It's not the economy, stupid!
Gerhard Schröder will remain the German Chancellor, but his majority in Parliament has become extremely narrow. His Social Democrats (SPD) got 38.5 per cent of votes, and so did the Christian Democrats (CDU/CSU) of his rival candidate Edmund Stoiber. The main reason why Schröder won is that his coalition partner, the Greens, became slightly stronger than the Free Democrats (FDP) who would otherwise most probably have formed a center-right government with the CDU/CSU.
Heads or tails? It looks as if the German electorate had refused to make up their mind and had instead tossed up a coin. As a result, the SPD was weakened and the CDU/CSU strengthened - and now, nobody knows exactly what most Germans do want. While Parliament majorities in other EU member states like Britain, France, Italy and Spain are clear, they are not in Germany. This seems to be symptomatic of the country's state of mind: it is blocked. The election result may have fixed that paralysis for the next term of Parliament (2002 - 2006).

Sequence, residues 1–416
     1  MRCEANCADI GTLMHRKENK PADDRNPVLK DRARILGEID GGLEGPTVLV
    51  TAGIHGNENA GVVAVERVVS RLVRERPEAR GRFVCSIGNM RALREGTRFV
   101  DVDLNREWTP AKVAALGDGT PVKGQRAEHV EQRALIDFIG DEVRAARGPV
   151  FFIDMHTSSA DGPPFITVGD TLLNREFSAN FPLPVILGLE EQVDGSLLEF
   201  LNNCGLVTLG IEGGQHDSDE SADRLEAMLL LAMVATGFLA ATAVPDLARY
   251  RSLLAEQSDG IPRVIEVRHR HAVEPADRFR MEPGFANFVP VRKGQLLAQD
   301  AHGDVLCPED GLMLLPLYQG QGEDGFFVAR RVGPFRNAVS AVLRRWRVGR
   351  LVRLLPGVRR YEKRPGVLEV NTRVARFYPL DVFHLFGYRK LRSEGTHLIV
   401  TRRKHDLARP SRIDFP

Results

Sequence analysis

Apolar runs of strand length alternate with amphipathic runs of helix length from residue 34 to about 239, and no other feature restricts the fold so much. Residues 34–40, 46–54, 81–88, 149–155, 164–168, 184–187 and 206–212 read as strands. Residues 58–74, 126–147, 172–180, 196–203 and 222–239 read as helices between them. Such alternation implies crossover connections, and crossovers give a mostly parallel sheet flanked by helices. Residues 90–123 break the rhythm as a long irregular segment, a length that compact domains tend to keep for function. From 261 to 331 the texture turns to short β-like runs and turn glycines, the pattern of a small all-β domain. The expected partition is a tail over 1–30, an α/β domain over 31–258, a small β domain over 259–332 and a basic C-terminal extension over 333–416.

The preceding election campaign had foreshadowed that outcome. It was about everything, except for Germany's real and pressing problems. Schröder, who still seemed to be on the losing side in August, desperately tried to get rid of what were the most dangerous issues for him, namely, low growth and high unemployment. He finally succeeded in doing so when he chose to campaign on an anti-American platform, declaring that under his Chancellorship Germany would not support any use of force against Iraq even if a military campaign were authorised by the UN.